Q

Using AD with DNS and GPO in mixed Win2k, NT, Solaris, HP-UX, Linux environment

We run a mixed environment (NT, Solaris, HP-UX, Linux), and are looking to upgrade to Win2K in the near future. We don't want to leave behind the numerous Linux clients we support. What is the preferred method to implement Domain Name System (DNS) and GPOs for network access on such a mixed environment? I guess the root question is "How can we use Active Directory in this environment?" Does it matter on which platform the DNS service is running? Unfortunately I am new at this and charged with making it all work.

Whew. You have a job ahead of you and that's the truth. Forget the technical challenges. You're entering a minefield

of fanatical operational beliefs. Even Salman Rushdie would not envy your position.

Okay, first things first. You can't use Windows 2000 group policies to control anything other than Windows 2000 machines. Policies rely on client-side extensions that are not present on downlevel Windows clients and certainly not on Linux clients.

Picking a DNS server is a matter of your own background and comfort level. If you are familiar with BIND and you are running a version that supports Service Locator Records (SRV) and (optional but preferable) dynamic updates, then by all means use a Linux or Unix server for DNS. If you are more familiar with NT DNS, then you should install a Windows 2000 server and put the primary DNS zones on that server. There are some advantages to using Windows 2000 DNS because you can integrate the zones into Active Directory. This gives you multiple master DNS (contrasted with a single primary master in BIND) and a rudimentary form of secure updates. But neither of these is sufficiently interesting to move away from BIND if that's what you're currently using.

Network authentication is also fairly straightforward. I'm assuming that you're already running SAMBA if you're in a mixed environment. A SAMBA client can authenticate in a Windows 2000 domain using NTLM Challenge-Response, just like a downlevel Windows client. If you want to take advantage of Kerberos authentication, you can configure your Linux/UNIX clients for Kerberos and point them at a Windows 2000 domain controller as a Key Distribution Center (KDC). Unfortunately, this will not give your Linux/UNIX clients full Windows 2000 authorization because only Windows 2000 clients know how to extract the Privilege Access Certificate (PAC) from a Kerberos ticket issued by a Windows 2000 KDC. So when the SAMBA client touches a Windows 2000 member server, it will fall back on NTLM authentication to get a local access token. Take a look in www.dejanews.com at any discussion thread ranting about the PAC and you?ll get a flavor for the problem.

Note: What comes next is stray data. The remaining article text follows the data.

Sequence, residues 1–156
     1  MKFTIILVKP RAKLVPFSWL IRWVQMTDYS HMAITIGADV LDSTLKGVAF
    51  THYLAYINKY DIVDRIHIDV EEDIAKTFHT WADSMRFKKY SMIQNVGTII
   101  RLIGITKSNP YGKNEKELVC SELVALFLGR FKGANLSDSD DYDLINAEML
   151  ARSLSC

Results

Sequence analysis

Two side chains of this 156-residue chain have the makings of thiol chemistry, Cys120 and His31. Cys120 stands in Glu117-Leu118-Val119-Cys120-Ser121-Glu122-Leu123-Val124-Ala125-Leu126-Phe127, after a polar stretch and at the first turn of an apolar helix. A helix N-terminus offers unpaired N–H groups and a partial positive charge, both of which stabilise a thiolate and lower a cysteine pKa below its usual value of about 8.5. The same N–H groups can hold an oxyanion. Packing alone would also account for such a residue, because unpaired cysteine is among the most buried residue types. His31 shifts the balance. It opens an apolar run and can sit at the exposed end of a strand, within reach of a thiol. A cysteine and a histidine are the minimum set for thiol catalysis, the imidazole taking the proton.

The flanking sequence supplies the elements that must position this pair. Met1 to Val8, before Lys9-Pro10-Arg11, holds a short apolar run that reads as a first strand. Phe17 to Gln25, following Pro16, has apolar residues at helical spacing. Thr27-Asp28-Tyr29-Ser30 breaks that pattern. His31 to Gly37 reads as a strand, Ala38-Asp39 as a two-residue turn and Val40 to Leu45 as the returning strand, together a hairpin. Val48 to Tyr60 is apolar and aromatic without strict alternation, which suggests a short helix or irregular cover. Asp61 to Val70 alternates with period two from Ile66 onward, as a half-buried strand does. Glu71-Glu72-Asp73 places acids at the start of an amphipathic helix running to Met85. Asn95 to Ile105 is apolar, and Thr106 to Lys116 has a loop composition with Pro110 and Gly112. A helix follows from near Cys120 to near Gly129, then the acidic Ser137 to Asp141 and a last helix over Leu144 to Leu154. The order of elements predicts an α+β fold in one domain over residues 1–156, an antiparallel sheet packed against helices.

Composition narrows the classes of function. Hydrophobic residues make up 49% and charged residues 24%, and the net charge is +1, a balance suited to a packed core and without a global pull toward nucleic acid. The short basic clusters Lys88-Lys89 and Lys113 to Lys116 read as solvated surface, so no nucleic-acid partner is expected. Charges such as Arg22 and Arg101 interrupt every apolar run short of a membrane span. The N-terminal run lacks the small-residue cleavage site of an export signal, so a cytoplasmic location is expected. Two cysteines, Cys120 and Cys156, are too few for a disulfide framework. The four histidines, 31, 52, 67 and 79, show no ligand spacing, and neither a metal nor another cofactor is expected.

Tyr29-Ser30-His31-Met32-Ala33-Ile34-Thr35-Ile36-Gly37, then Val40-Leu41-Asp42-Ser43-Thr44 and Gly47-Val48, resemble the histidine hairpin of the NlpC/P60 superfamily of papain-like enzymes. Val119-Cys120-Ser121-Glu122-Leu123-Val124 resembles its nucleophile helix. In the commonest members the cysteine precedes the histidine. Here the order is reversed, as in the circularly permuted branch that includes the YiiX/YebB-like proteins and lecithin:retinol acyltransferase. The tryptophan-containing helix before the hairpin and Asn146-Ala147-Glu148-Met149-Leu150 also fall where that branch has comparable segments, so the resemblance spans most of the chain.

As for other network infrastructure components you use, most of them will be just as happy in a Windows 2000 domain as an NT4 domain. If you?re running NT4 RAS servers, you should upgrade them to Windows 2000 to avoid putting the Everyone group in the Pre-Windows 2000 Compatible Access group to support null logons. Thoroughly test all your applications (especially client/server applications that rely on the underlying Windows authentication infrastructure) to make sure they work fine on Windows 2000. This is especially true of any NFS servers you are running on your NT servers.

This was first published in February 2001

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